Are You Fit… Or Are You Just Fooling Yourself?
When I go to the gym, I find myself at times wondering about, “sauna guy”. You’ve seen him. He’s the guy you never see doing anything else in the gym but going into and coming out of the sauna. I often think about stopping him to ask what the sauna does for him? I wonder if he thinks this is helping him lose weight or get in shape. I contemplate, does he call this fitness?
If you've ever wondered yourself, I add this deep dive from one of my heroes of the fitness/nutrition space, Rhonda Patrick, Ph.D. FoundMyFitness Science Podcast. Who knew? I chose her website because she has it broken down by topic that you can click to if you don't want to invest the time and want specific information. Enjoy!
#73 Sauna Benefits Deep Dive and Optimal Use with Dr. Rhonda Patrick & MedCram
Why do You come Here? What is your ultimate Goal?
What benefit are you gaining?
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Now before it sounds like I’m picking on “sauna guy”, what about the guy or girl, sitting on the reclining bicycle watching their favorite show on the attached TV screen. They seem to prefer this piece of equipment and it makes me wonder why. Maybe I always catch them just warming up because they never sweat.
Perhaps I just happen to notice them on a light day… every time I see them.
So Many Options, So Many Choices
Here’s my point. With the state of fitness in the United States today, it’s great to even choose to go to the gym. Many do not. However, what I’d like to consider for a moment is what we do once there. It always amazes me that there are so many options in most gyms with the addition of new equipment all the time. Sometimes I like to try the new stuff just to see what they’ll do for me.
Slow, Steady Wins This Race called Life
If you are just starting out, have a medical condition, or are greatly overweight, start slow and increase duration and intensity over time. For the purposes of this post, we’ll confine our discussion to cardiovascular training. The latest recommendation from the joint American Heart Association/American College of Sports Medicine guidelines on physical activity says all healthy adults ages 18-65 should be getting at least 30 minutes of moderate intensity activity five days a week… as a minimum.
If you’re over 65, God Bless you and keep on keepin on. We’re all catching up.
The, “Authorities” Speak
A change in guidelines published in Circulation; the Journal of The American Heart Association 2007 included 10 minute intervals and above adding up to the 30 minute per day recommended previously. However, what are we trying to accomplish here? The update used the words “affecting chronic disease risk factors”. I don’t know about you but I’m trying to do a bit more than “affect” my risk factors. I want to greatly reduce the risks for chronic diseases and disabilities, and prevent unhealthy weight gain. Additionally, above all, keep moving!
Also, remember these are minimum recommendations. As with anything in life, if you want the minimum, you’ll get minimum returns. I want to live this life to the max seizing each day for the opportunities I’m given. The American Heart Association stated that there may be a benefit by exceeding the minimum recommended amounts of physical activity. I can answer this one from personal experience. I’m always rewarded for challenging myself to improve my fitness level.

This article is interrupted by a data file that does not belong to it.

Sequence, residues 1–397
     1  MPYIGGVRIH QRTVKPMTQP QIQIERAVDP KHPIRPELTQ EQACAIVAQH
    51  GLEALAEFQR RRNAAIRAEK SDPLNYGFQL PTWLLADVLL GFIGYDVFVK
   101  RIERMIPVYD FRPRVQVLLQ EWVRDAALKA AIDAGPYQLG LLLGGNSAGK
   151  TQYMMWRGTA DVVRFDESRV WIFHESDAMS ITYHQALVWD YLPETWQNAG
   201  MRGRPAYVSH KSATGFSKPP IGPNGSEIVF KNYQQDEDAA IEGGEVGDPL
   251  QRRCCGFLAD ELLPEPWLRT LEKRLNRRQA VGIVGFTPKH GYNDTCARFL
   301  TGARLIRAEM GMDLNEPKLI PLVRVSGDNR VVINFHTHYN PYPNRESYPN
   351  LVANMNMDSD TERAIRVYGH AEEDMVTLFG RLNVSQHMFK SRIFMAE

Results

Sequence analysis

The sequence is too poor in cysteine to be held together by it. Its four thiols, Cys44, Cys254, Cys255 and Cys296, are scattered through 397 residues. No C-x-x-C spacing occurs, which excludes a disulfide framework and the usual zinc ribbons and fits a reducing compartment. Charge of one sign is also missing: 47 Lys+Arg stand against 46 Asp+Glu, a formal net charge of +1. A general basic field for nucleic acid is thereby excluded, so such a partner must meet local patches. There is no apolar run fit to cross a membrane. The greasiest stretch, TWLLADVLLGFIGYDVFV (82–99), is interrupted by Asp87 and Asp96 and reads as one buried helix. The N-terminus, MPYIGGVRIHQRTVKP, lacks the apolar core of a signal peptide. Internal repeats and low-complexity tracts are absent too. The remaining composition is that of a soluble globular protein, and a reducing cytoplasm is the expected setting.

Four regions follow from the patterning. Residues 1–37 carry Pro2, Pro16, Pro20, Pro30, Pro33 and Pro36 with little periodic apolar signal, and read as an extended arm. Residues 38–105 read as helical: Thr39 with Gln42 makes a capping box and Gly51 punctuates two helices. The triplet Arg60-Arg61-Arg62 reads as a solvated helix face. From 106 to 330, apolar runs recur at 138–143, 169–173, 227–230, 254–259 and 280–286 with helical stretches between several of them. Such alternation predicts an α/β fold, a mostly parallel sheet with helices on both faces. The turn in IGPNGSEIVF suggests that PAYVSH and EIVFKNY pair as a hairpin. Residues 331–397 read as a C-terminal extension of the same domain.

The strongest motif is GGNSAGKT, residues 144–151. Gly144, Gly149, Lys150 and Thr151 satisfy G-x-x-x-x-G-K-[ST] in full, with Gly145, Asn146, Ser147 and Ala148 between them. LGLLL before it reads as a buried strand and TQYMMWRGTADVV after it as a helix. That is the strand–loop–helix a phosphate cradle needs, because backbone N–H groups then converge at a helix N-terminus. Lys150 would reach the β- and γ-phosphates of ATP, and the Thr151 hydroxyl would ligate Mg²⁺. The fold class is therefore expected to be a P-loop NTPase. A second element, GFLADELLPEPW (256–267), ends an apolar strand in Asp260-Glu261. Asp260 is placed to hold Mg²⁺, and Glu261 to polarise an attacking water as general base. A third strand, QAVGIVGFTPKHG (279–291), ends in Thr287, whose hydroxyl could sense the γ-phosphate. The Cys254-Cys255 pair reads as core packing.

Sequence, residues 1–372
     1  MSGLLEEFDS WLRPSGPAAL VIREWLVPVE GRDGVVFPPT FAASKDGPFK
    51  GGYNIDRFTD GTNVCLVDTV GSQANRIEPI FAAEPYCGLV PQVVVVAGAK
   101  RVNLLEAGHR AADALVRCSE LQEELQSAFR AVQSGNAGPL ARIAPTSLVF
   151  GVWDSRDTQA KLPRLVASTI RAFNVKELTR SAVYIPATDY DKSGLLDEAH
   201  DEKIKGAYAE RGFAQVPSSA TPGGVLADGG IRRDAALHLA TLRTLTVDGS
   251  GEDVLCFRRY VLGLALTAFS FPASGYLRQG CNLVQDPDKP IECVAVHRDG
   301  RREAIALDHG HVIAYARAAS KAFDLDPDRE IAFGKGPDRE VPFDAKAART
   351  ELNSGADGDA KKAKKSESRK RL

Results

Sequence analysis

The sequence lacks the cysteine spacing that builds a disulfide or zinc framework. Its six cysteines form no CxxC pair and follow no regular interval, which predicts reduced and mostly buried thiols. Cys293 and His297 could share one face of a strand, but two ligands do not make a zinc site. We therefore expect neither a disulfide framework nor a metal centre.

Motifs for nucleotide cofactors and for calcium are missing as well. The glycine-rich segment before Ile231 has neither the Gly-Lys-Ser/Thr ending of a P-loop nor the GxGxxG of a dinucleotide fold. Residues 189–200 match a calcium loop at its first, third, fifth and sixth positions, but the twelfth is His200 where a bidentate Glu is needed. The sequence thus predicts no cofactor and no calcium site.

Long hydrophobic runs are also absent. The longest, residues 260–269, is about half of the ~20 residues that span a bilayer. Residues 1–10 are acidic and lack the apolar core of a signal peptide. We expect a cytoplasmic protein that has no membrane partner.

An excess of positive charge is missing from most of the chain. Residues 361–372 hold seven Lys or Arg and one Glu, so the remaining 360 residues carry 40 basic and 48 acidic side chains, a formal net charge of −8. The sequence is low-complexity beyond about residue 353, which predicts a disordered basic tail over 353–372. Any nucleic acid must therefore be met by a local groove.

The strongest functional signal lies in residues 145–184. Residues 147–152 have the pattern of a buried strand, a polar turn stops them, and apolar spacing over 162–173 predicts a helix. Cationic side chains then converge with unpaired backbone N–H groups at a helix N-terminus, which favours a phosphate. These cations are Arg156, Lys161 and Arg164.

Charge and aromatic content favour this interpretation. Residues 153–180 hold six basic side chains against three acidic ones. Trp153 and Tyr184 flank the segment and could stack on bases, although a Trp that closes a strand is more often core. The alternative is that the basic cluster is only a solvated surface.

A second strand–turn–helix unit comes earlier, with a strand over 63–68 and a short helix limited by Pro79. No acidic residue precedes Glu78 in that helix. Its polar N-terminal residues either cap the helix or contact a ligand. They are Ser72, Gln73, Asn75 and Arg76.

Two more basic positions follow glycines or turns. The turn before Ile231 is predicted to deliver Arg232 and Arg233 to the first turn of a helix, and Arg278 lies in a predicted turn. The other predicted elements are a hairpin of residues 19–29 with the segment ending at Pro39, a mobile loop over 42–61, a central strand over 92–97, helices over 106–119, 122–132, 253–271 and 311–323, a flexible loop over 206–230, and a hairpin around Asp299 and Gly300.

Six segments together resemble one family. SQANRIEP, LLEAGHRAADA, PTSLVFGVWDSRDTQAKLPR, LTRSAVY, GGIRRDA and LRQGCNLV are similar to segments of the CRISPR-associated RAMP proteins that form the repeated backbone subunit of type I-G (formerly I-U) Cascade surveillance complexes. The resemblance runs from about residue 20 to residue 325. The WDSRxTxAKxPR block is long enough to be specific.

That being said, you won’t find me doing 100 mile ultra marathons anytime soon. Now, give me a bike… I may go for 100. Kidding, I found that 60 miles hurts the southern bits a wee too much, 40 miles seems to be my sweet spot. I live here in San Antonio Texas and we would ride 20 miles out and 20 miles back from the picturesque Gruene.
What Level of Intensity is Providing Benefit?
So, what is “moderate intensity? We are not going into the weeds on this one here counting MET or metabolic equivalents. Our reclining bicycle person is one example of extremely low intensity. I can achieve moderate intensity doing house chores by trying to get them done faster so that I can move on to something I want to do. Moderate intensity causes your heart rate and breathing to rise significantly such that you can sustain it for a time, 10 minutes according to the updated guidelines. Once more what do you want minimum or maximum results? Please don't hear me saying that full tilt is the way, it is not... always.
Go for 30 minutes ultimately. Work your way up. Listen to your body.
Moderate-intensity activities are those that get you moving fast enough or strenuously enough to burn off three to six times as much energy per minute as you do when you are sitting quietly, or exercises that clock in at 3 to 6 METs.
METs are a useful, convenient, and standardized way to describe the absolute intensity of a variety of physical activities. Light intensity PA is defined as requir- ing 2.0–2.9 METs, moderate as 3.0–5.9 METs, and vigorous as 6.0 METs
American College of Sports Medicine® (ACSM)
You Don’t Need any Special Equipment or a Gym Membership
To sum all this up I ask again, what are your goals for fitness? Do you just want to relax and unwind, Okay fine, but don’t fool yourself into thinking that there are major health benefits in that. You will not greatly affect your risk factors for chronic diseases, disabilities, or prevent unhealthy weight gain. You do not have to get all overly concerned with differing recommendations. You do not need a gym membership. You do not have to have the latest treadmill, elliptical or gadget. Just move! And move with a purpose to increase your heart rate and breathing for 30 minutes a day for five days. Key note here - find an exercise you enjoy!